Sense & Sensuality
Performing Arts Center, California State University Northridge
Josef Suk: Meditation on the Chorale, “Saint Wenceslas” (1914)
Leos Janacek: String Quartet No. 1, “Kreutzer Sonata” (1923)
Antonin Dvorak: String Quartet Op. 106 (1895)
Talich String Quartet (Jan Talich, Jr., and Petr Macecek, violins; Vladimir Bukac, viola; Petr Prause, cello)
The young Talich Quartet, dressed somberly in black like characters from a Kafka story, ravished a large audience of seasoned veterans with a program of deeply spiritual yet overtly sensual Czech music, opening the Music Guild’s 56th chamber music season. If old age means the ability to respond as this audience did, then wait for me!
The Quartet sports a change in personnel since their 30th recording for Calliope in 1998, Dvorak’s two last quartets. Vladimir Bukac has moved from second violin to viola (replacing founding member Jan Talich, Sr.) and Petr Macecek has stepped in at second violin. Though their recording is smoother and more technically spotless, the live performance Monday night demonstrated the irreplaceable value of a live performance, particularly when the audience is willing.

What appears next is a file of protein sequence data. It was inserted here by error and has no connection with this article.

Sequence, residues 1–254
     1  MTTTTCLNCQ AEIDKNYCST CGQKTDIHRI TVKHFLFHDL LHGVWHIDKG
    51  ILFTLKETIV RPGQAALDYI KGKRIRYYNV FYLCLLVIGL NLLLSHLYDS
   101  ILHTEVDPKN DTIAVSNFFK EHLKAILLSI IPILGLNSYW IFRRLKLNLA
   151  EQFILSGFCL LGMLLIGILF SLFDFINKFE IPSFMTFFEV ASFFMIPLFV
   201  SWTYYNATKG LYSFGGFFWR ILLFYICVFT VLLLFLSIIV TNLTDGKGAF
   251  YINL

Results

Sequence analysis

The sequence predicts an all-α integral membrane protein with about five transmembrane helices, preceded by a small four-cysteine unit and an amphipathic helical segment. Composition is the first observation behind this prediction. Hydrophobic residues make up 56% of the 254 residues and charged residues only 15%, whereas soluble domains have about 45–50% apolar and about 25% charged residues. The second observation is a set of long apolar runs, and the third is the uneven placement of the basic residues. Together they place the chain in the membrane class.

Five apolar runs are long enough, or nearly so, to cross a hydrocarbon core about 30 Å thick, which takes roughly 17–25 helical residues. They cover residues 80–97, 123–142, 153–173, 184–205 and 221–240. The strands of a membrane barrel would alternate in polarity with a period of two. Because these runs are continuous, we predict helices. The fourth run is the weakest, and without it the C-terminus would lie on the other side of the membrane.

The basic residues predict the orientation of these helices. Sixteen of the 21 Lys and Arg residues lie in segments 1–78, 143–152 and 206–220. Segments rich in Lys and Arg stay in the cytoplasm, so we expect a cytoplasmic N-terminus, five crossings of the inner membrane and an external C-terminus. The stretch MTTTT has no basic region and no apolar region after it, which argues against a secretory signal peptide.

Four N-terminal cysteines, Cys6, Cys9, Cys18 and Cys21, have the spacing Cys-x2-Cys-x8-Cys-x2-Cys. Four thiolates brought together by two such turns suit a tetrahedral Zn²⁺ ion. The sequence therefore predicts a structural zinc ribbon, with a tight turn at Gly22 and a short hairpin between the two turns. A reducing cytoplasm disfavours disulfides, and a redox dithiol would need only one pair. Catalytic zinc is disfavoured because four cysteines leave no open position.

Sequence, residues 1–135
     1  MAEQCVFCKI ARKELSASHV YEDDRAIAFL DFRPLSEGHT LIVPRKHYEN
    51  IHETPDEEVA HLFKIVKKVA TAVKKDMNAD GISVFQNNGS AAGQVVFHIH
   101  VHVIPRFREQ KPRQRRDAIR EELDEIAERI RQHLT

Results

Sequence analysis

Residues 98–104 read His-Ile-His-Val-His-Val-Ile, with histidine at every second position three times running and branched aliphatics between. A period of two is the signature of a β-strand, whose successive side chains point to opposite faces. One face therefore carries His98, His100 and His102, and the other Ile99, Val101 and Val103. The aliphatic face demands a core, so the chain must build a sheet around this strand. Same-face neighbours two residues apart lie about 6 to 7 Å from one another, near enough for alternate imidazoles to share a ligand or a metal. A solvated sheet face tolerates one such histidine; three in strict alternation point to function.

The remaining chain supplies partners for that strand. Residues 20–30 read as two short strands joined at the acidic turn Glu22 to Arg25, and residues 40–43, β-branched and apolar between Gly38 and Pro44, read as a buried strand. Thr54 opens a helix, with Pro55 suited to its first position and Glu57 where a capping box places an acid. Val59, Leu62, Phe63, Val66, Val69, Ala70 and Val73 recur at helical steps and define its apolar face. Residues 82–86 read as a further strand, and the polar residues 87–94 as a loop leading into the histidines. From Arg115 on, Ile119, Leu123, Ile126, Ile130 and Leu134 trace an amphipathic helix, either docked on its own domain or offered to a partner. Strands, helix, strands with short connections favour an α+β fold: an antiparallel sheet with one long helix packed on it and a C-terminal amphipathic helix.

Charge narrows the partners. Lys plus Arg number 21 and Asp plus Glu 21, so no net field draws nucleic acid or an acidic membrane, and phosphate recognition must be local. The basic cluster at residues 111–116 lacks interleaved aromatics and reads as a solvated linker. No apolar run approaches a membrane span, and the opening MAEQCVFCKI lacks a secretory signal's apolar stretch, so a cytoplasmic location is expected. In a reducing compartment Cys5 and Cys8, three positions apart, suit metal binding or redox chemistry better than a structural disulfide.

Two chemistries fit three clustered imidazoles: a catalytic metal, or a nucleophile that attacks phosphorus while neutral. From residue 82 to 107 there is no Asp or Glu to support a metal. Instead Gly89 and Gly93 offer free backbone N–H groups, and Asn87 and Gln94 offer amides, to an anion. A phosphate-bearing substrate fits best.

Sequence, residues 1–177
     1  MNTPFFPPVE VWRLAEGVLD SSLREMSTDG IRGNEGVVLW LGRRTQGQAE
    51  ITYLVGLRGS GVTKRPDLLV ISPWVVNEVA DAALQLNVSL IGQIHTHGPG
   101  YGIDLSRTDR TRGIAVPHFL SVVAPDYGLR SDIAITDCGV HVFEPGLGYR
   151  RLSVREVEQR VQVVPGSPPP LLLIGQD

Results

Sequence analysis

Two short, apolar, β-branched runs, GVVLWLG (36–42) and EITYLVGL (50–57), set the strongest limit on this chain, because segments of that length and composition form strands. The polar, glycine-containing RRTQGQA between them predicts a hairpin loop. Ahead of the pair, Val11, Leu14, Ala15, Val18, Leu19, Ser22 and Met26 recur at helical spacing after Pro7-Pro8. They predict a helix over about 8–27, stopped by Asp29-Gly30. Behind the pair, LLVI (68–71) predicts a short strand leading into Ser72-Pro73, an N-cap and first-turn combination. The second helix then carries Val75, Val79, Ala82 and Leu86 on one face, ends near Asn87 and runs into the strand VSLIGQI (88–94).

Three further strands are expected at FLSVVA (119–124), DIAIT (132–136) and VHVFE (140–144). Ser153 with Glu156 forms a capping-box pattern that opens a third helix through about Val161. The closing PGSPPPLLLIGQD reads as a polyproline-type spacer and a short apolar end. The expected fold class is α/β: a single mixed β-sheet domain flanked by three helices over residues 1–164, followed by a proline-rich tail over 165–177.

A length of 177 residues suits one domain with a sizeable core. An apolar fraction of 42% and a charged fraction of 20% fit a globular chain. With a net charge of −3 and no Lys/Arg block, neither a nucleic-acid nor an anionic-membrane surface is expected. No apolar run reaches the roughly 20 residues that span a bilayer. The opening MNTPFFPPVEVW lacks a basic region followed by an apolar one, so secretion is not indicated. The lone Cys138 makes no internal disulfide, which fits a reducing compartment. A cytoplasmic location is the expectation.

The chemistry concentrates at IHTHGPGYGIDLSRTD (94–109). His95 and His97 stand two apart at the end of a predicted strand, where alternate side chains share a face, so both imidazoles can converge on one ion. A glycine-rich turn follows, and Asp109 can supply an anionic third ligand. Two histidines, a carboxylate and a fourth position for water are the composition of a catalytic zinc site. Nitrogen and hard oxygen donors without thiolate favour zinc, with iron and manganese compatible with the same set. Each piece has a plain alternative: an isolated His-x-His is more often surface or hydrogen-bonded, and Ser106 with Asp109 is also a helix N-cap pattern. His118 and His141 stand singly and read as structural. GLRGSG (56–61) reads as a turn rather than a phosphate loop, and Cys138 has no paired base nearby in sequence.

And particularly when the musicians on stage are so obviously committed to musical integrity, not to mention being equipped with the formidable technical tools necessary to their task. In fact, the Quartet’s ability to create stunning, almost holographic sound pictures, while simultaneously working on different planes of melody and texture, was quite extraordinary in its deceptive simplicity.
First violinist Talich, Jr. has a hypnotic, slim tone of steel tempered with a profound sense of compassion, and second violinist Macecek is not far behind. Violist Bukac’s playing is a wonder of unforced, nut-brown tone and virtuosic dexterity, while cellist Prause anchors the ensemble with his wide tonal palette and flamboyant bowing gestures. A pleasure to watch if you have not closed your eyes in order to intensify the emotional experience, the Talich Quartet does nothing for show alone. Everything is done solely to enhance the communion between musicians and audience.
After the spiritual cleansing of Josef Suk’s Meditation, Leos Janacek’s First Quartet burst forth with its cinematic ebb and flow (no wonder his music was used in the film of Milan Kundera’s The Unbearable Lightness of Being) and swept the audience, armed only with canes and a lifetime of musical love and experience, into a passionate embrace.
After intermission, Dvorak’s vast landscape of a late quartet had the impact of a late Beethoven quartet, the haunting Ländler episode in the second movement suddenly evoking Mahler, and the long epilogue in the last movement carrying the audience along so enthusiastically that they called back the Quartet four times until they were rewarded with the last movement of Dvorak’s American Quartet.
To coincide with their American tour, Harmonia Mundi have released the Talich Quartet’s newly-repackaged Beethoven cycle on Calliope (with Petr Messiereur, Jan Kvapil, Jan Talich, Sr. and Evzen Rattay as the principals) at the generously low price of 7 CDs for the price of 3.